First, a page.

Monday, September 14, 2009
Is Zakta the Facebook of Search?
"Social search" is about five years old. The term refers to a method of web searching that utilizes various collaborative tools to enhance search results. The original goal was to enliven search with Digg-like voting, Wiki-style edits and the like.
Social search seemed to hit its zenith a few years ago, when Wikia debuted. An offshoot of Wikipedia, Wikia promised a wiki-style, collaborative approach to search. Judging by what I hear about Wikia (or, rather, don't hear), it hasn't exactly transformed the world. A recent visit confirms that its focus has morphed to that of "wiki search" -- i.e., searches of various specialty or vertical wikis -- with a particular emphasis on gaming.
The premier of the Zakta search engine, then, is noteworthy. It appears to be very different from Wikia and other social search sites I've seen. And potentially, much more valuable than any social search engine to date.
When you first use Zakta, it appears you've dropped into a curious and appealing combination of Google, Facebook and Wikipedia. There is a decided emphasis on organized search results. Anyone can search Zakta -- just like Google -- but once you've registered, you can see several immediate benefits. Registered Zakta users can create their own profiles and connect with other users. If that doesn't sound familiar, it certainly looks familiar -- similar to Facebook or LinkedIn.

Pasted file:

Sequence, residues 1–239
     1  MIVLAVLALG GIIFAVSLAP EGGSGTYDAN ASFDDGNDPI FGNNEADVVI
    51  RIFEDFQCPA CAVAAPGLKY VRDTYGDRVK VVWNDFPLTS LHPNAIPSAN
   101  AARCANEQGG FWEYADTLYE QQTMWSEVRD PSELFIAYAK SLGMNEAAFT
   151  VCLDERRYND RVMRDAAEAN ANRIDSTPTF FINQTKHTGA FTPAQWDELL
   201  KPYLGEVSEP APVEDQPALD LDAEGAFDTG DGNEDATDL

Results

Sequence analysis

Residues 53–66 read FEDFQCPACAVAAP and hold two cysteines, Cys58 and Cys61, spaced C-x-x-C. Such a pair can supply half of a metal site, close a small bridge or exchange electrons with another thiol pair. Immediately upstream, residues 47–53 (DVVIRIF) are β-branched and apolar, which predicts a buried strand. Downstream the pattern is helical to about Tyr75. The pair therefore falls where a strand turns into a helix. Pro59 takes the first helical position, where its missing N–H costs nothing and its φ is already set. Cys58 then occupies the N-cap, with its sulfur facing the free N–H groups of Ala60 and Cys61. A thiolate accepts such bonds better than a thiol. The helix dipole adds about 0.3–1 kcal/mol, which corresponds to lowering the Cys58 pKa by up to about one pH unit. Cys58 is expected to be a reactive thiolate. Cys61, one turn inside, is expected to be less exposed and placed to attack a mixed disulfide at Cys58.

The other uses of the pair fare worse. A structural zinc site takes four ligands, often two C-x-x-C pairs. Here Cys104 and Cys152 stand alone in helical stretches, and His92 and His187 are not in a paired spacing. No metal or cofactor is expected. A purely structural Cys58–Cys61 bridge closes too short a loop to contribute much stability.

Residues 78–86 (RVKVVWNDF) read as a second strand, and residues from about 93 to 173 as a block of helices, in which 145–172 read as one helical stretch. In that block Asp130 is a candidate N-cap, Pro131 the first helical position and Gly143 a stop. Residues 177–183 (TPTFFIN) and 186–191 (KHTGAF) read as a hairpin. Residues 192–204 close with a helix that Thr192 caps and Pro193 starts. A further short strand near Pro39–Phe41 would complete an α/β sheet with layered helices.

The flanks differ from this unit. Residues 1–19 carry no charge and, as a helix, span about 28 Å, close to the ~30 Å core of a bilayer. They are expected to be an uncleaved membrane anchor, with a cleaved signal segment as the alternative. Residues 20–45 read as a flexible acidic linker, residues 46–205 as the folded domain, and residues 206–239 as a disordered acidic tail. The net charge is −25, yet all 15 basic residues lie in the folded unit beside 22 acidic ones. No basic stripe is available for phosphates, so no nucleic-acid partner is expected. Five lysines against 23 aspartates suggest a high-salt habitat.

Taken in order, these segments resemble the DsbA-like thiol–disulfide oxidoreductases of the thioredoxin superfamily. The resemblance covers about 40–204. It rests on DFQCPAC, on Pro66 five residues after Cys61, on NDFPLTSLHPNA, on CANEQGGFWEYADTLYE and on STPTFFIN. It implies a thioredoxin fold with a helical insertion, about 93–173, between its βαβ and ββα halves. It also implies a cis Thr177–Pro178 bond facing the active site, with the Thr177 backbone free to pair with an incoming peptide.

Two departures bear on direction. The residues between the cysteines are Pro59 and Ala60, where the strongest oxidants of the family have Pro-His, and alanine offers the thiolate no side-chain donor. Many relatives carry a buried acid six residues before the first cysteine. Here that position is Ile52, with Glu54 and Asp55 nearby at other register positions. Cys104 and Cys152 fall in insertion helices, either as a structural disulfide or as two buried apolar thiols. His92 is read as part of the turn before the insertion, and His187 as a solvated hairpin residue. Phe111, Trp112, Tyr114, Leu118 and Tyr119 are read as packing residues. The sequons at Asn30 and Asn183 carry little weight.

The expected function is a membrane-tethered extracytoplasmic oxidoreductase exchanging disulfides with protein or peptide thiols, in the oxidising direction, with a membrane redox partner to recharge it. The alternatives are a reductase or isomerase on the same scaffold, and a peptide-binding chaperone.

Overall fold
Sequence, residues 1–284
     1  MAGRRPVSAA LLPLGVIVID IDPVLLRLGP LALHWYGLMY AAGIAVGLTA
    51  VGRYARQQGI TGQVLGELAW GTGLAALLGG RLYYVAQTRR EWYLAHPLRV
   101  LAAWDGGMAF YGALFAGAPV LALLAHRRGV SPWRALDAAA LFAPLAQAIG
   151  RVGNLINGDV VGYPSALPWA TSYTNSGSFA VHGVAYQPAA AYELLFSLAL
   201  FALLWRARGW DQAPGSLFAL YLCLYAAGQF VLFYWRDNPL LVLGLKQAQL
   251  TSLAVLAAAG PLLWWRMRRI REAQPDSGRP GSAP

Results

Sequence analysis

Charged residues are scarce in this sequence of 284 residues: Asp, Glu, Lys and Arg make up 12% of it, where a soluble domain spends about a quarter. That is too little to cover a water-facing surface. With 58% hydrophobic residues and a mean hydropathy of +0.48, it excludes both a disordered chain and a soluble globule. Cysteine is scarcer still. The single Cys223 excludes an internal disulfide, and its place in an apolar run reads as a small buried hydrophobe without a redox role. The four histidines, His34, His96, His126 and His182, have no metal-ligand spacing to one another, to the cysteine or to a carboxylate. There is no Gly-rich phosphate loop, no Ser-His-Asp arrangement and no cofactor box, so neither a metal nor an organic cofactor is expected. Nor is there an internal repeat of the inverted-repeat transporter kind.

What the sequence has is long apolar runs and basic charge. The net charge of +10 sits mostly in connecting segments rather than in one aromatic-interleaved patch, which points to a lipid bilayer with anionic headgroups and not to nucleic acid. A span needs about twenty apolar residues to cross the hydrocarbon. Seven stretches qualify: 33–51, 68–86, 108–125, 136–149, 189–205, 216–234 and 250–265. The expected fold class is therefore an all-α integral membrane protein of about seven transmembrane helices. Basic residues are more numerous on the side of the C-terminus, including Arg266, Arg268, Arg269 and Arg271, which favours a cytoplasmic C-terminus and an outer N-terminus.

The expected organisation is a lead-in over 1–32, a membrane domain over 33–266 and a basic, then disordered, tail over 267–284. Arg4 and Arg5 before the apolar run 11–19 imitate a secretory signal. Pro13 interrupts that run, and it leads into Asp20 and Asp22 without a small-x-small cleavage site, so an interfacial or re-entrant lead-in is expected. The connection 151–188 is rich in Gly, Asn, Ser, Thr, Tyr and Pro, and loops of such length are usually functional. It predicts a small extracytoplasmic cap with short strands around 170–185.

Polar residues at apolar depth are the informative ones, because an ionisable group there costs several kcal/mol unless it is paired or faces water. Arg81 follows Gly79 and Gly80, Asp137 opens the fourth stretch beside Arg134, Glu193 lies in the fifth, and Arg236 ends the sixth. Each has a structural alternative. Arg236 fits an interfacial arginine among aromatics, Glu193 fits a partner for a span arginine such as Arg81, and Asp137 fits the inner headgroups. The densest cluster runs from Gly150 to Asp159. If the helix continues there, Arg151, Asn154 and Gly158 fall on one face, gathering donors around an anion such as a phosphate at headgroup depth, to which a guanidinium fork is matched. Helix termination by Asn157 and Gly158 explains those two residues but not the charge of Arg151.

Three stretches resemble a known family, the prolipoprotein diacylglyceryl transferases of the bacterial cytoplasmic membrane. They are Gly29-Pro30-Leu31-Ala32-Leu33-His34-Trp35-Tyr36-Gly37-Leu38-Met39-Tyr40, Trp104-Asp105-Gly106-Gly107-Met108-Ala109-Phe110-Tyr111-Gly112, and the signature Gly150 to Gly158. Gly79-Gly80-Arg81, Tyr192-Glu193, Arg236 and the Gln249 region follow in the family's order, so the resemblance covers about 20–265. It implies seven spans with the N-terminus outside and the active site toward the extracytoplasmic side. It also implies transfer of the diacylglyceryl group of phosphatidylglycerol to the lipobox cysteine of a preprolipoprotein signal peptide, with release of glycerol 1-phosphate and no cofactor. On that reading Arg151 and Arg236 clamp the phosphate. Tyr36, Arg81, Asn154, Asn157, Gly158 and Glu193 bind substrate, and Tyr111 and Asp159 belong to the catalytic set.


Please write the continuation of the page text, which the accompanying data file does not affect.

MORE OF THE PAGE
The benefit of creating a profile and connecting with other users soon becomes obvious. Communities of like-minded individuals can collaborate on enhancing search reults for, say, Angelina Jolie.
Furthermore, Zakta is actually integrated into social networking platforms like Facebook. So, if you're an avid Facebook user, you can take advantage of Zakta within Facebook itself. Or, if you prefer traditional web searches, Zakta will operate seamlessly in that world as well.
At first blush, I see one vertical niche for Zakta that does not appear to be addressed by either Google, Wikipedia or Facebook. That would be "personality search" -- consider Hollywood celebrities, sports stars, historical figures and the like. While Google returns only search results and Wikipedia enforces strict rules on the content of its articles, Zakta may offer much more flexibility and entertainment value for users and contributors.
Consider that hypothetical Zakta article on, for example, Angelina (no -- I'm not fixated, I promise). It could contain not only biographical information, but rumors, communities of fans, the best photo albums, collections of multimedia and related material. This well-organized "guide" would not be possible in Wikipedia and would be difficult to assemble into a cohesive whole using Facebook.
In short, Zakta appears to take a refreshing new angle on search through its use of communities and social networks. It's definitely worth a visit.